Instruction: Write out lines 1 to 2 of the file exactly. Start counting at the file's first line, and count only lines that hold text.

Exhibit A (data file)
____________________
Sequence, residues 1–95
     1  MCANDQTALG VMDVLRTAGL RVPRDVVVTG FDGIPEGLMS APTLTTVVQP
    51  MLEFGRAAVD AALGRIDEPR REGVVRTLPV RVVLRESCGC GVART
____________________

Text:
Sequence, residues 1–95
     1  MCANDQTALG VMDVLRTAGL RVPRDVVVTG FDGIPEGLMS APTLTTVVQP